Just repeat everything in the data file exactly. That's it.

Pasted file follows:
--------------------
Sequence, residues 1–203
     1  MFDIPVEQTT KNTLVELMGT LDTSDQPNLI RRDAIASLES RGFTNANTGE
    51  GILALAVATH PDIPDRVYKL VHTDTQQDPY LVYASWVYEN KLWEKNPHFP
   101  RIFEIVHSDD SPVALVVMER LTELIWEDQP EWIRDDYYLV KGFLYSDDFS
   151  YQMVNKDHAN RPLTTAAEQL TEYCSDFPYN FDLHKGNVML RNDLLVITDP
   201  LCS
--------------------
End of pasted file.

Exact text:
Sequence, residues 1–203
     1  MFDIPVEQTT KNTLVELMGT LDTSDQPNLI RRDAIASLES RGFTNANTGE
    51  GILALAVATH PDIPDRVYKL VHTDTQQDPY LVYASWVYEN KLWEKNPHFP
   101  RIFEIVHSDD SPVALVVMER LTELIWEDQP EWIRDDYYLV KGFLYSDDFS
   151  YQMVNKDHAN RPLTTAAEQL TEYCSDFPYN FDLHKGNVML RNDLLVITDP
   201  LCS